Kellan Lutz as ‘The Legend of Hercules’ a Summer Blockbuster Action Wannabe

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CHICAGO – Big-budget Hollywood is struggling to find new stories, which is why we sometimes see the same ones two, three or even 10 times. Sometimes they’re days or months apart. And sometimes they shouldn’t have been made in the first place and just were to profit from a beloved story or hero.

Here’s a thing that sure makes you go hmmm. The plot synopsis for “The Legend of Hercules,” which stars Kellan Lutz of “Twilight” fame and opened on Jan. 10, 2014 from the producers of “The Expendables,” is:

“The Legend of Hercules” is the origin story of the mythical Greek hero. Betrayed by his stepfather (the king) and exiled and sold into slavery because of a forbidden love, Hercules must use his formidable powers to fight his way back to his rightful kingdom.

Kellan Lutz stars in The Legend of Hercules
Kellan Lutz stars in “The Legend of Hercules”.
Image credit: Summit Entertainment

The plot synopsis for “Hercules,” which stars Dwayne “The Rock” Johnson and opens just 6 months later on July 25, 2014, is:

Hercules – the Greek demigod – has his life as a sword-for-hire tested when the King of Thrace and his daughter seek his aid in defeating a tyrannical warlord.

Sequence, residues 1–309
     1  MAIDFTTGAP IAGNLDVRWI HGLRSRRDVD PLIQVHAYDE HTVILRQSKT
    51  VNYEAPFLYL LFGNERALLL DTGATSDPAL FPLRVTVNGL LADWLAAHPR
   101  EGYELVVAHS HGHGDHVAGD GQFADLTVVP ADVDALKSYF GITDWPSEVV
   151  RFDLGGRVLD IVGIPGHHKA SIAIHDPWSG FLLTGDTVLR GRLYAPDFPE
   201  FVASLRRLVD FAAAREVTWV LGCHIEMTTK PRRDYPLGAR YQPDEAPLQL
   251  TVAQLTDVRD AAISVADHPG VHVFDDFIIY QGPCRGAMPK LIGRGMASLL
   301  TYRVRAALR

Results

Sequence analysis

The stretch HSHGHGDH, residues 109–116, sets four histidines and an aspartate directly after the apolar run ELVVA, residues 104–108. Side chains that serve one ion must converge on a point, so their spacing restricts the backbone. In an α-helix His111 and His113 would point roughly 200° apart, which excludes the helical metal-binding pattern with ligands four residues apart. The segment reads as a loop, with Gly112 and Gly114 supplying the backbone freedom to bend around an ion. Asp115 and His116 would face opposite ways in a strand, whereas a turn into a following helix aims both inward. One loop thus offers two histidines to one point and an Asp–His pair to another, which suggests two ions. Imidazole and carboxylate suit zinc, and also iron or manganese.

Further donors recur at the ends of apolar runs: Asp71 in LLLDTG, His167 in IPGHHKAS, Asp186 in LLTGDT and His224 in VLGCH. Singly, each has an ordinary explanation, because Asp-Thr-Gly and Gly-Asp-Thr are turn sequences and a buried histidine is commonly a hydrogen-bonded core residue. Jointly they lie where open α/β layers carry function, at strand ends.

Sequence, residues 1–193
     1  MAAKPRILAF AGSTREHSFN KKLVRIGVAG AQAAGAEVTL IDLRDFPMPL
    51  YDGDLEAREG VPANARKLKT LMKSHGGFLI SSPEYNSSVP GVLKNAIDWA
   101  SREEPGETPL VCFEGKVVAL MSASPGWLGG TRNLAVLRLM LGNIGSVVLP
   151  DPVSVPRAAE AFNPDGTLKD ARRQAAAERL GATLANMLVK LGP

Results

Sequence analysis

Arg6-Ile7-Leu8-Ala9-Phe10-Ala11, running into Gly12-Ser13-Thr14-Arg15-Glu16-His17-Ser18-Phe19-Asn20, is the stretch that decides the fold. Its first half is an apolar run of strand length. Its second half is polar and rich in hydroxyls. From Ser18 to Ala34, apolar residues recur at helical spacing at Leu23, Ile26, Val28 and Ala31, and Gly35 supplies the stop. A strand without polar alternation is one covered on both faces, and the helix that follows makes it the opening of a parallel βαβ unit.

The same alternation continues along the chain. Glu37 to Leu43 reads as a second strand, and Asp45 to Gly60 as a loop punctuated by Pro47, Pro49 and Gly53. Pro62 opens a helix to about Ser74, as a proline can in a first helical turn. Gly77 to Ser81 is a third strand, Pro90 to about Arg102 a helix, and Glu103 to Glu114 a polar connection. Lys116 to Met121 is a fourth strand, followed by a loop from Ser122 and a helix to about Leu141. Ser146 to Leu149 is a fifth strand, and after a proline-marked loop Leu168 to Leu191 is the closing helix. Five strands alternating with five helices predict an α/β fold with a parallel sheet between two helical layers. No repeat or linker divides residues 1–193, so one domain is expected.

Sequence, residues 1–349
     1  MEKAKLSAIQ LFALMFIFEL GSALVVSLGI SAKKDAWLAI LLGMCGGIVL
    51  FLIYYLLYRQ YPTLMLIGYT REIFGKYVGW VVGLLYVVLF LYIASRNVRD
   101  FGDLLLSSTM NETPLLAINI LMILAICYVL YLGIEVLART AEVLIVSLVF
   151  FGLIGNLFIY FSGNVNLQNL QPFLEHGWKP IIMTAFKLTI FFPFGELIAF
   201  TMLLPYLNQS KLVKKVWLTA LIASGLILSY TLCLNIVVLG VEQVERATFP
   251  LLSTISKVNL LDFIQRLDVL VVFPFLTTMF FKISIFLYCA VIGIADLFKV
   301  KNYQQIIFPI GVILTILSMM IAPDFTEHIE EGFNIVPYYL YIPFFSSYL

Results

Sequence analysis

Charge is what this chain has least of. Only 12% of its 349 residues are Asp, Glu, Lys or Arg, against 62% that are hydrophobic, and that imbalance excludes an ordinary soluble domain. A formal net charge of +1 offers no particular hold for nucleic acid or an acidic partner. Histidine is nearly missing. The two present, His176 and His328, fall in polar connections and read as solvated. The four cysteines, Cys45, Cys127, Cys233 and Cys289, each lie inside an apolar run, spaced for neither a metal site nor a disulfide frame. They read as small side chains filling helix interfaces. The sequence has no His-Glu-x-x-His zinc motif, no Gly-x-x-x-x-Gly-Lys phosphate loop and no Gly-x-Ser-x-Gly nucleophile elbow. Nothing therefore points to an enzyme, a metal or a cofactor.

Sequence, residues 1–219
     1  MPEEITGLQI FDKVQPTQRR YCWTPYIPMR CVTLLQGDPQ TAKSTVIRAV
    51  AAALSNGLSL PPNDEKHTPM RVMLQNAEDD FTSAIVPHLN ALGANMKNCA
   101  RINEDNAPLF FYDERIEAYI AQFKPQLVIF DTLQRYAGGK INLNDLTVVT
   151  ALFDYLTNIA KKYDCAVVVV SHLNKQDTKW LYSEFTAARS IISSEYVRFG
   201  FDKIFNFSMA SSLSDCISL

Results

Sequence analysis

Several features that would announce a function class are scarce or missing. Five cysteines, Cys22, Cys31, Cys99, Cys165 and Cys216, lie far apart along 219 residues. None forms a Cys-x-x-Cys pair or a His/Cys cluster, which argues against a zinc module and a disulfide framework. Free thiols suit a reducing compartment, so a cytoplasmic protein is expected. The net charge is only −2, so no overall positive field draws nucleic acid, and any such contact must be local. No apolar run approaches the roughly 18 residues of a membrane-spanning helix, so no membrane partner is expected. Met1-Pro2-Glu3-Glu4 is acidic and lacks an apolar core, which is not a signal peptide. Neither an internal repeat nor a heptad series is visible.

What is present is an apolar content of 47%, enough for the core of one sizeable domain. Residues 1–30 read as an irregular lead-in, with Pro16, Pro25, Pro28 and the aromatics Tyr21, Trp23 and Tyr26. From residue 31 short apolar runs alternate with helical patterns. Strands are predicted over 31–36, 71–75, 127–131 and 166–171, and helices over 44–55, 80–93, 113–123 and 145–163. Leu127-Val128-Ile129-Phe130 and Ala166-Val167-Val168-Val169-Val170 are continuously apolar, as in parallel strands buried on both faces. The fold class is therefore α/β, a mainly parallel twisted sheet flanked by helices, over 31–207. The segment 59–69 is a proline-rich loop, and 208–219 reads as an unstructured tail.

This month’s Hercules is helmed by director Renny Harlin (“Die Hard 2,” “Cliffhanger”). He’s one of the most successful Finnish film directors in the history of Hollywood – who you’ve never heard of. July’s Hercules comes at us from a more recognizable name: Brett Ratner (three “Rush Hour” films, “Red Dragon,” “X-Men: The Last Stand”).

Gaia Weiss stars in The Legend of Hercules
Gaia Weiss stars in “The Legend of Hercules”.
Image credit: Summit Entertainment

Despite taking fight sequence and cinematographic inspiration from films like “300” and “Gladiator,” “The Legend of Hercules” fails as an epic action film because of its low-cost acting, a stiff and cheesy script, an underwhelming visual feast and pre-pubescent character depth. It’s a summer blockbuster film wannabe that opened in January instead to recoup the piece of its $70 million budget that it can.

Many moviegoers don’t know it’s in theatres, and when you curiously ask friends about it, they seem to respond with: “You mean the cartoon?” It has nowhere near the same excitement or appeal as masterful, hormone-raging CGI films like “300” or “Immortals”. This film self-professes its primary character as a legend without making him feel like one.

That said, a few action sequences will happily glaze your eyes over – such as breaking free of chains in stone and Whack-a-Moling tough guys with said stone at the end of said chains.

Kellan Lutz stars in The Legend of Hercules
Kellan Lutz stars in “The Legend of Hercules”.
Image credit: Summit Entertainment